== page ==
Professor Carlos Frenk, of the Institute of Computational Cosmology in the Department of Physics, has this week been awarded the prestigious Paul Dirac Medal and Prize by the Institute of Physics. Paul Dirac is widely recognised as one of the most significant physicists of the last century; notable contributions of his include the formulation of the Dirac equation, which describes the behaviour of fermions and predicted the existence of antimatter, and the discovery of new productive forms of atomic theory, for which he shared the Nobel Prize with Erwin Schrödinger in 1933. The Dirac Medal was established in 1987 and rewards scientists for significant contributions to theoretical physics. Notable previous winners include Roger Penrose, Peter Higgs, and Stephen Hawking.
Professor Frenk is one of the originators of the Cold Dark Matter (CDM) theory of the formation and evolution of cosmic structure, which can help to reproduce the observed large-scale distribution of galaxies in great detail. Professor Frenk’s research, along with colleagues at Durham, has resulted in an internationally renowned capability for predicting the observable properties of galaxies in a CDM universe; this has contributed in no small part to the acceptance of the CDM model as the standard model for cosmic structure formation. This marks the second year in a row that the prize was awarded to a Durham researcher; the 2019 prize went to Professor Keith Ellis for his work in quantum chromodynamics.
The IoP also recognised Professor Martin Cann and Dr Karis Baker, of the Department of Biosciences, with the Rosalind Franklin Silver Medal and Prize alongside other members of the Physics of Life Network 2 Steering Group. The group is managed in part here at Durham, and connects scientists from across the physical and biological sciences.
It’s becoming a cliché, but these really are unprecedented times; for many of us, unprecedented in how isolating they can feel. Commenting on his award, Professor Frenk said:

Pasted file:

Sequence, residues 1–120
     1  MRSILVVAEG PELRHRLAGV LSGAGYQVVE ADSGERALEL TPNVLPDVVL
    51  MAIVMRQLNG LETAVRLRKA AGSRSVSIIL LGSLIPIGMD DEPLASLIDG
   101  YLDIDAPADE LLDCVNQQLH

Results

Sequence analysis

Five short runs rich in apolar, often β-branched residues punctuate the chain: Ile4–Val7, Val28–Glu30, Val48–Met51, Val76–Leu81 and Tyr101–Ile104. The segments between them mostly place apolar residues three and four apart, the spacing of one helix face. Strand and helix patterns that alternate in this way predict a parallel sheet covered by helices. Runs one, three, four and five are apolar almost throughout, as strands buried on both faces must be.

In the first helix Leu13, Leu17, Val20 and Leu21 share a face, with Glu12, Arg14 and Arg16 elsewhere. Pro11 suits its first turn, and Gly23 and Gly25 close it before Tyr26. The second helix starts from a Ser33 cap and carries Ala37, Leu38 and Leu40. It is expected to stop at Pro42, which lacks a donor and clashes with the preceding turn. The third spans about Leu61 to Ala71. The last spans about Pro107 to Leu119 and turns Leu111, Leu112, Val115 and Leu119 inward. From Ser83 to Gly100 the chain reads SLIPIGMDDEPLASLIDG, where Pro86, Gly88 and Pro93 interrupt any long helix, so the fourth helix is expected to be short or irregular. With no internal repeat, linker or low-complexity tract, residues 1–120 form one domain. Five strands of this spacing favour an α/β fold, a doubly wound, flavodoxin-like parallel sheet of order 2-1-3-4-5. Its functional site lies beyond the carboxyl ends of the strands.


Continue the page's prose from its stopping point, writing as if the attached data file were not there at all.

“Medals like this are awarded to individuals but science is an international collaborative effort. I share this honour with the many colleagues and students with whom I have had the privilege of working over the years at Durham and elsewhere.”
This is an important reminder of a principle that is more important now than ever, and that’s that science is fundamentally about collaboration. Science could be defined, really, as the international effort to find out what is true. And this is an effort that we all contribute to, every day, when we watch lectures and read papers and write reports for labs we didn’t do, when we work at our bedroom desks and kitchen tables, when we stare down the nose of this impossible year and say “I will try to learn anyway”. This is difficult but we are lucky, many of us, here in Durham, and the biggest piece of luck we have is community. We are lucky to learn in a scientific community that produces research of the class of Professor Frenk’s, and lucky to live in such a vibrant and welcoming community with as many opportunities and avenues for support. Let’s try not to forget that.
Image hosted by Wikimedia Commons.